Only in the Eighties did the industry begin to recover the quality and diversity lost during the Second World War, when farmers were compelled to send their milk to central creameries. From the Fifties to the Seventies, flavour was sacrificed to volume, and on-farm production had all but disappeared.

But the necessity for farmers to diversify has happily coincided with a consumer demand for greater variety and less blandness in food. 'Cheese needs personal attention, from production to selling,' Mr Cunynghame says. 'We have customers travelling to Langman's from 30 or 40 miles around. We try to give them definite flavours that they'll either love or hate.'

If he was giving the supper party, what would he have on his cheeseboard? For a start, it would be produced before, rather than after, the pudding. The French, he feels, are right about that 'without a shadow of a doubt'. And he would have at least one French cheese - possibly Fourme D'Ambert, a creamy, soft blue from the Auvergne region. He is also fond of goat's cheese, particularly the enticingly named Ticklemore from Devon. 'It has a nutty flavour. Not too sharp and not too mild.'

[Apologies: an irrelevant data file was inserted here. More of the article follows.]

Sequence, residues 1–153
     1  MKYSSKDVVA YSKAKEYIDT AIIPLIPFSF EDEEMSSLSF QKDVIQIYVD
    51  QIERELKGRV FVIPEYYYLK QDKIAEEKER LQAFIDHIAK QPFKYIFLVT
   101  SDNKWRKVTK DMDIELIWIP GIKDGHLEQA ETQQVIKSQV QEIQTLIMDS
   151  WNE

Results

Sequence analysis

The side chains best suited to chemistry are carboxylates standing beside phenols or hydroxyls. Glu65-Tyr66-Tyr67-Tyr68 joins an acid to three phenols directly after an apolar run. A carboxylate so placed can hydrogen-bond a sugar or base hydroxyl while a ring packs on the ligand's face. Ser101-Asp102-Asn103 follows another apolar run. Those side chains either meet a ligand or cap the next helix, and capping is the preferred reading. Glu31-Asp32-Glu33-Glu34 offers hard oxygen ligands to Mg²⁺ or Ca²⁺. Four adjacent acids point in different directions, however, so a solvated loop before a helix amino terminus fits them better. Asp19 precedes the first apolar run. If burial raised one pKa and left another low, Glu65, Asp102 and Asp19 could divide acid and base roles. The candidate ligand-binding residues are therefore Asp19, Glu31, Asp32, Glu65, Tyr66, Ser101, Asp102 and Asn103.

That would be complemented by Bonchester from Scotland, made with creamy Jersey milk and 'rather like camembert in flavour, only more sturdy'. And last, but not least, a good stilton. 'It's still a great cheese, one of the best we produce in this country and the only one whose name is controlled. It has to be made in Leicestershire, Derbyshire or Nottinghamshire.'

Cheddar, he feels, could have benefited greatly from similar quality controls. Even now he would like to see a 'three-counties cheddar' based on Somerset, Devon and Dorset. 'The French appellation system has much to commend it.'

Appellation Cotherstone Controlee certainly has a ring about it.

Langman's Fine Cheeses, Manor Yard, Solihull, West Midlands (021-705 2535).

(Photograph omitted)